It’s all about the Benjamins
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When the thirteen American colonies still fell under the providence of Great Britain, the currency in use was the British Pound Sterling. The word comes from the Roman word “pounds,” meaning “weight,” with one English Pound literally a pound of silver in weight.
The term “sterling” comes from the ancient Greek στερεός, or stereós, meaning solid, or durable. Because pure silver is a soft metal, silver coins are made from an alloy of “sterling silver” (92.5% silver and 7.5% copper) to increase their durability. “Money” is literally coinage made from precious metals like gold or silver, or in lower denominations, made from semi-precious copper.
The war that Americans know of as the “French and Indian War” was the trigger that led to the eventual independence of our nation. In 1754, troops led by a young 22-year-old lieutenant colonel by the name of George Washington ambushed a small French force in present day western Pennsylvania. That clash grew into the world-wide “Seven Years’ War,” fought between the British and the French from 1756 to 1763.
With the end of that war, Britain was left holding a massive amount of debt. The British sought to replenish their depleted supply of Sterling Pounds by enacting new taxes upon their colonies around the world. It was the Sugar Act of 1764, the Stamp Act of 1765, the Townshend Act of 1767, and the Tea Act of 1773 that led American colonists to demand equal representation within the British Parliament.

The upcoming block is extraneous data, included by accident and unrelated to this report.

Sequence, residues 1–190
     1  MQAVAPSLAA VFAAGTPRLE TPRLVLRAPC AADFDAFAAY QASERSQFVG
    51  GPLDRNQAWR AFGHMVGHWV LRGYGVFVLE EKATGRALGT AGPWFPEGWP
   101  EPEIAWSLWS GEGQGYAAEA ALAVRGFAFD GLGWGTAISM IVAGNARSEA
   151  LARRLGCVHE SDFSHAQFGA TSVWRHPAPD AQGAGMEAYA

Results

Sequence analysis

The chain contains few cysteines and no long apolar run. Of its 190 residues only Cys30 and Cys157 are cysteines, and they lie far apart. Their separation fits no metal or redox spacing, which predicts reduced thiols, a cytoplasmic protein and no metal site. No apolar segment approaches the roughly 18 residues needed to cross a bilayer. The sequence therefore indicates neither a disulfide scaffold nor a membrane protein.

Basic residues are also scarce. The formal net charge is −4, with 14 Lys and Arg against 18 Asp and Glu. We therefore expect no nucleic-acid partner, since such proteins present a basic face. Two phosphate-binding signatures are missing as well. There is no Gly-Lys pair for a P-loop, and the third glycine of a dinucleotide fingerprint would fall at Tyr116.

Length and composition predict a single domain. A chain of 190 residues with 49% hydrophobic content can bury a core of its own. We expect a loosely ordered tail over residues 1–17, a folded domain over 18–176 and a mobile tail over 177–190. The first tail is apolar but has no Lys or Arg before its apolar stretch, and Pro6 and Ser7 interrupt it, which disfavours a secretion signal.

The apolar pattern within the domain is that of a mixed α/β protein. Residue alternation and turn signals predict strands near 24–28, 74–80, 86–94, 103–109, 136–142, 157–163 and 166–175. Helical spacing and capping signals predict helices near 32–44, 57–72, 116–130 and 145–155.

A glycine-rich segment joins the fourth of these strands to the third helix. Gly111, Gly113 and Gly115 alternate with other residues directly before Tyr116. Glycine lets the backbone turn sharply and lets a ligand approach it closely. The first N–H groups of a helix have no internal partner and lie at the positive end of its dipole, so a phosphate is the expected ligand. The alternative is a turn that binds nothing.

When their demands were dismissed, their love for Mother England soured, leading to events like the Boston Massacre in 1770 and the Boston Tea Party in 1773. There can be no doubt as to the correlation between excessive taxation, at that time between 1% and 1.5%, and the breakout of the American Revolutionary War in 1775 and our Declaration of Independence from England in 1776.
With the signing of the Treaty of Paris in 1783, the Revolution came to an end, enabling the later ratification of our Constitution in 1788. The federal government created by our Constitution rightfully avoided direct taxes upon its citizens for the next 125 years, instead relying mostly upon tariffs for revenue.
With the ratification of the Sixteenth Amendment to our Constitution in 1913, the modern federal income tax was born, along with the modern Internal Revenue Service and the Federal Reserve System, the Central Bank that our founders had warned us to avoid.
For more than 100 years, the Federal Reserve Bank has gradually laundered wealth away from the populace through the power of inflation. On their web page the Federal Reserve states that an annual inflation of 2% is desirable. What the Federal Reserve does not say is that a 2% inflation of costs is a 2% deflation in the buying power of the U.S. dollar. As the dollar becomes worth less and less, it takes more and more dollars to buy similar items each passing year.
While the U.S. did mint a gold one-dollar piece for a brief period of 40 years after the California Gold Rush, the silver dollar coin was the common base of measure for U.S. “money” from 1794 until production ceased in 1935, as the value of the dollar declined because of inflation of prices caused by Federal Reserve policies.